After counting down for the past month, today marks the official 10 Year Anniversary of DFinney Photography! It’s really the “unofficial” official anniversary 😆I was laid off the day before I turned 22, so I decided to make my business anniversary the same day as my birthday so that I would remember lol.
The past 10 years have been full of highs and lows, both personally and professionally, but I can say that I am incredibly thankful for the journey and the lessons I’ve learned. Today, in celebration of 10 years, I want to share a few of the things I’ve learned along the way:
10. Everything can’t happen at once.
This one thing could be numbers 1-10 because this is a near constant reminder. My default is to want to do everything NOW, but I’ve learned that 1) not only is that not feasible, 2) it’s extremely frustrating and overwhelming, and on the occasions where I am able to do a lot at once, 3) it’s not sustainable. So I’m still very much learning how to pace this brain of mine to get plans in place for maximum effectiveness.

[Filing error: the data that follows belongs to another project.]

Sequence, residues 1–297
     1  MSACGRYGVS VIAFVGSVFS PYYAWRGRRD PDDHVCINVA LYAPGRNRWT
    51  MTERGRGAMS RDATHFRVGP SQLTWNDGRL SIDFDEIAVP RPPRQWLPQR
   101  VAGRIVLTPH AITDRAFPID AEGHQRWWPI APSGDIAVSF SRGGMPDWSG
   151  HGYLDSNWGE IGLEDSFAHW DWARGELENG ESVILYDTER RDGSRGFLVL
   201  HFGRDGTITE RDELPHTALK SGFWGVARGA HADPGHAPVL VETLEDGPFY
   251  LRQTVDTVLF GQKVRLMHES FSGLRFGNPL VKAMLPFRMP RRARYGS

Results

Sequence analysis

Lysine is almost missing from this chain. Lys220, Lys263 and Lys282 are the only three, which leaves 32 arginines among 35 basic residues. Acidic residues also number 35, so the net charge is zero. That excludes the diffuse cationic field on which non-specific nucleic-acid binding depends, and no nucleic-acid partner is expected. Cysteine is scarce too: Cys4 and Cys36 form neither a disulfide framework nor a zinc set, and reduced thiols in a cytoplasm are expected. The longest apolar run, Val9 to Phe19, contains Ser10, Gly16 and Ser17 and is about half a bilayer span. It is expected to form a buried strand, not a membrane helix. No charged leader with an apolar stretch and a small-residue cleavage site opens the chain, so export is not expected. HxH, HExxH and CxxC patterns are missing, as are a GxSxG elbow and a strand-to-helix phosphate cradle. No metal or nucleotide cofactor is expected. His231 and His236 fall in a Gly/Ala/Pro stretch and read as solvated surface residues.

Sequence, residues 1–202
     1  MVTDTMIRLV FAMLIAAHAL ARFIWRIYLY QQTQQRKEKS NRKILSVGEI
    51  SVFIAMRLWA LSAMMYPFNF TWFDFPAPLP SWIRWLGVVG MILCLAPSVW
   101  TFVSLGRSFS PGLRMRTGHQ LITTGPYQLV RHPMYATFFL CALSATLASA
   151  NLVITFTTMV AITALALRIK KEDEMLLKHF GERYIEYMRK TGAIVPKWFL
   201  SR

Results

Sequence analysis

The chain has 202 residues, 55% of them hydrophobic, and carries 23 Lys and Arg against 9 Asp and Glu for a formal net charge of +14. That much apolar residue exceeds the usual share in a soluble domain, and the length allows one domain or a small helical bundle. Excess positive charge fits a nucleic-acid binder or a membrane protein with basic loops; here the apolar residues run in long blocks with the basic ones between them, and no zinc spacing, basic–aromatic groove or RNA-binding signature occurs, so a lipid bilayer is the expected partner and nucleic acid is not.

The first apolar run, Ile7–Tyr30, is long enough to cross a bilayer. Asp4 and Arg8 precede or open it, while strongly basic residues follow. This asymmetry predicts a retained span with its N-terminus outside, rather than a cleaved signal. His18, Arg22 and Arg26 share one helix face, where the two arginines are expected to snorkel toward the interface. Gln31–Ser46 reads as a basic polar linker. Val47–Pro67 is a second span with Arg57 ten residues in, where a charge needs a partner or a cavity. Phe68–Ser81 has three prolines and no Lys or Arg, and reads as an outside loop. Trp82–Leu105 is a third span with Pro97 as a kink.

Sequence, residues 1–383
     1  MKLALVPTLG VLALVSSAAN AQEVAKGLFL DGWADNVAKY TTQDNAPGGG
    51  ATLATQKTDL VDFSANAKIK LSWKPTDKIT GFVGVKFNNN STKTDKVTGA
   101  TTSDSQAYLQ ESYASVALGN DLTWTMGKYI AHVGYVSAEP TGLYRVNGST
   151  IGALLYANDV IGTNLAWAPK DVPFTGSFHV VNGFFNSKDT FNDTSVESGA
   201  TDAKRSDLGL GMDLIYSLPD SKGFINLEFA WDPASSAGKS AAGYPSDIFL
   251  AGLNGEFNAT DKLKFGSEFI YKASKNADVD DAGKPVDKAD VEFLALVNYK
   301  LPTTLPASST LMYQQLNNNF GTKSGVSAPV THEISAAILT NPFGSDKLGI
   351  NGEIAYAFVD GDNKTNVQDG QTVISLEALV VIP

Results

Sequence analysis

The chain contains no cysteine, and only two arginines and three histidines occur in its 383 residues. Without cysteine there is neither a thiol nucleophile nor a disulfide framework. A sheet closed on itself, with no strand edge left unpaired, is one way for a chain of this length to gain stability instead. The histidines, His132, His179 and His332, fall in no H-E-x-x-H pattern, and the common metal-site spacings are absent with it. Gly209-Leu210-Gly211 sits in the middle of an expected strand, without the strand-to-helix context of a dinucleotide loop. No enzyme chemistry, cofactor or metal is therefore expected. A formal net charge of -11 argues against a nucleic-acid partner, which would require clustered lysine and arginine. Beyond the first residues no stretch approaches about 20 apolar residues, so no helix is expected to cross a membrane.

9. It’s okay to move at my own pace.
This didn’t used to be much of an issue for me because for a long time, I DID move at my own pace and I was okay with it! Then the sneaky comparison monsters crept in and I started second guessing myself, being critical, and generally feeling like I wasn’t doing enough. But I had (and have) to remind myself that my journey is my own. I deal with my own unique challenges and it’s okay to slow down or take a break when I need to. In the moment it can be tough to overpower the negative thoughts, so I have to remind myself of this often. Which leads me to #8…
8. It’s hard to stop comparing myself to others.